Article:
Bead Weaving Flat Herringbone
This form of the stitch is ribbon-like and can be as wide or narrow as you want. It is usual to work with an even number of beads because each angled pair makes a column. Once you have learned flat herringbone, other forms of the technique are easier to grasp. The wonderful Jill Wiseman has a very good video tutorial on the basics. If you want to try something more, how about this tutorial on braided herringbone.
Bead Weaving Tubular Herringbone
This form of the stitch is rope-like but hollow. Be careful not to make the circumference too big else the structure may flatten. I would suggest no more than 6 beads in a round. Use smaller seed beads with this technique to make great ropes for pendants. Use Superduo beads to make chunky chokers or bangles. This Artbeads Mini Tutorial with Leslie Rogalski has some good tips and instructions. Using Superduo beads is more challenging, but if you want a tutorial go here.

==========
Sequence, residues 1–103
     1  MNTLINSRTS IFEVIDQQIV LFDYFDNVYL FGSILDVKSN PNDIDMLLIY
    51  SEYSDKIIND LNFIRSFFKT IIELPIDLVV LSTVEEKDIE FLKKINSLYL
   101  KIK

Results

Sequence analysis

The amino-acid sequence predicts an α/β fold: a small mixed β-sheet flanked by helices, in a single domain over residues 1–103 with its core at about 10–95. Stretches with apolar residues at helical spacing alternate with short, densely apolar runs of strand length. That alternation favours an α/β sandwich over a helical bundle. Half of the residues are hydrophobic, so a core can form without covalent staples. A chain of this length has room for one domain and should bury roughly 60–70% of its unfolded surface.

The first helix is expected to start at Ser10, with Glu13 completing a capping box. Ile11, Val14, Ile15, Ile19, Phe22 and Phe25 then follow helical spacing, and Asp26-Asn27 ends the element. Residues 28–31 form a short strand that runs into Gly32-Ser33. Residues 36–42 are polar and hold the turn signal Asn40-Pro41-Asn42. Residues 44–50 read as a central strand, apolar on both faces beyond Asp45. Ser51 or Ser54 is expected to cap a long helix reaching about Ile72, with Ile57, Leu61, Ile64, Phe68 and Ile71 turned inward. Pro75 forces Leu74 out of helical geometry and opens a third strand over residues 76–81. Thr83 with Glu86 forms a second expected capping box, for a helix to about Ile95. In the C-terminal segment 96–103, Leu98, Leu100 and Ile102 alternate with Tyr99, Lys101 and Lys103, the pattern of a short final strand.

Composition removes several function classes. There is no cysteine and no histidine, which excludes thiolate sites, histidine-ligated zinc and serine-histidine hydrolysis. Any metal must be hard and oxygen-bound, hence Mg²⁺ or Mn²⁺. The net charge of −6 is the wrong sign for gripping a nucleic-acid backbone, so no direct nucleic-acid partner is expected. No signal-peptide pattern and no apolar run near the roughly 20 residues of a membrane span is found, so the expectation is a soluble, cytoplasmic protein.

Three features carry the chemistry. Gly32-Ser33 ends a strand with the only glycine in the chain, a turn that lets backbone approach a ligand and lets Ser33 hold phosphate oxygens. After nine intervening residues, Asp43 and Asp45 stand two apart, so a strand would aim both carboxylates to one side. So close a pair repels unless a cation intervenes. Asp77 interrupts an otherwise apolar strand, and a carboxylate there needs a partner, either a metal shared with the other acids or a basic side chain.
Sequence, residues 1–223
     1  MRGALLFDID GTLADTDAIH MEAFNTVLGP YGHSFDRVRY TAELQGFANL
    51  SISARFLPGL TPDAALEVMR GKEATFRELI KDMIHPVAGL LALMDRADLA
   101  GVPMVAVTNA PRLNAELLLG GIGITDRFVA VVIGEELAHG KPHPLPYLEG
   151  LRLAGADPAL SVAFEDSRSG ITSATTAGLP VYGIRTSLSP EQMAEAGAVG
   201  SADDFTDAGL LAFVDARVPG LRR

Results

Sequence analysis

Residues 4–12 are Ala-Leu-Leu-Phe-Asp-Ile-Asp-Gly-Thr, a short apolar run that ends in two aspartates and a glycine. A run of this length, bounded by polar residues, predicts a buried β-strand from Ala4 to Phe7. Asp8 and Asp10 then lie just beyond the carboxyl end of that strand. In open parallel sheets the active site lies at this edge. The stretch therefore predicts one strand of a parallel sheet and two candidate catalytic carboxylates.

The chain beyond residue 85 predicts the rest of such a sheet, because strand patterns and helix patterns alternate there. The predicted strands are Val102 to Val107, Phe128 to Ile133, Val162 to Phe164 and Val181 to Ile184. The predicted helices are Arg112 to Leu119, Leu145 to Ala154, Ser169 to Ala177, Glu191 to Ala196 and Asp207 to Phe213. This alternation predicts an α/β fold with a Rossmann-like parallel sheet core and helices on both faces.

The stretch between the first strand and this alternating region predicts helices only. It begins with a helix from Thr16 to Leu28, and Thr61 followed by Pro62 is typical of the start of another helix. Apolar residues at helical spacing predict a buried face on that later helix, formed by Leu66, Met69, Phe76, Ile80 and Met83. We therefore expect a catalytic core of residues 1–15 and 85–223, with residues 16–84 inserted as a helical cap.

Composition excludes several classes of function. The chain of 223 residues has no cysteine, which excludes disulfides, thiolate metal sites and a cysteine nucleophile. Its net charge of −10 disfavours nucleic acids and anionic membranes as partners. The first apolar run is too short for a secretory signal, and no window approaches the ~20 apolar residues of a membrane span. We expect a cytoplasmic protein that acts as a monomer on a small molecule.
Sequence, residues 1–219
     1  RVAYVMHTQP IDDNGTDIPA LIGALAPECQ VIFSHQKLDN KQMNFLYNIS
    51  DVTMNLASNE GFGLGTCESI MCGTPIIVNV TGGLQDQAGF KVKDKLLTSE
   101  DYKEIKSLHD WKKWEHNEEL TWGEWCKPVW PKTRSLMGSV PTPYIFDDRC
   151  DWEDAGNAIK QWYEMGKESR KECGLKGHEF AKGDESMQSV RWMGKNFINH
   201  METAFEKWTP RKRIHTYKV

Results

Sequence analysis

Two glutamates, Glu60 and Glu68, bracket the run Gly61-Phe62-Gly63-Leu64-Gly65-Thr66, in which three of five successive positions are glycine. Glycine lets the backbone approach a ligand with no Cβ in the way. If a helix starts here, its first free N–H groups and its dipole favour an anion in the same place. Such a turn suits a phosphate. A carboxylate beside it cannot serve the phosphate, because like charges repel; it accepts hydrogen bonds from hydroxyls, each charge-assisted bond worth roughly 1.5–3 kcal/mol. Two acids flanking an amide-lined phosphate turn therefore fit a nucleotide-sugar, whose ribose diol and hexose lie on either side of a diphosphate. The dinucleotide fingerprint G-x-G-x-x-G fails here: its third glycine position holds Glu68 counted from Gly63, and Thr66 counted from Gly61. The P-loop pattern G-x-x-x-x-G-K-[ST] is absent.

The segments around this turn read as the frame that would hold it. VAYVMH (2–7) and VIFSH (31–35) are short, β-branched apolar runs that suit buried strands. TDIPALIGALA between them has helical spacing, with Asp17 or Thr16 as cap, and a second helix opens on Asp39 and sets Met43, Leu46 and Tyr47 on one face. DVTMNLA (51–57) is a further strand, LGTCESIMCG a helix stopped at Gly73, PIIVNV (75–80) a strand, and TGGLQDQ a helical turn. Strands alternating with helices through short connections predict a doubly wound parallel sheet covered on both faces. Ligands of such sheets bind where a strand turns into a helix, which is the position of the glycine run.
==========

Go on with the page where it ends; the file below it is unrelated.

Bead Weaving Twisted or Spiral Herringbone
This form of the stitch is very like tubular herringbone, but with a twist. As such, the structure is less likely to flatten than tubular. Use different colours to enhance the twist, but still stick to 6 beads in a round. If you have gotten to this stage, consider yourself advanced in this technique. Kelly Dale from OffTheBeadedPath has a great tutorial using size 8/0 seed beads.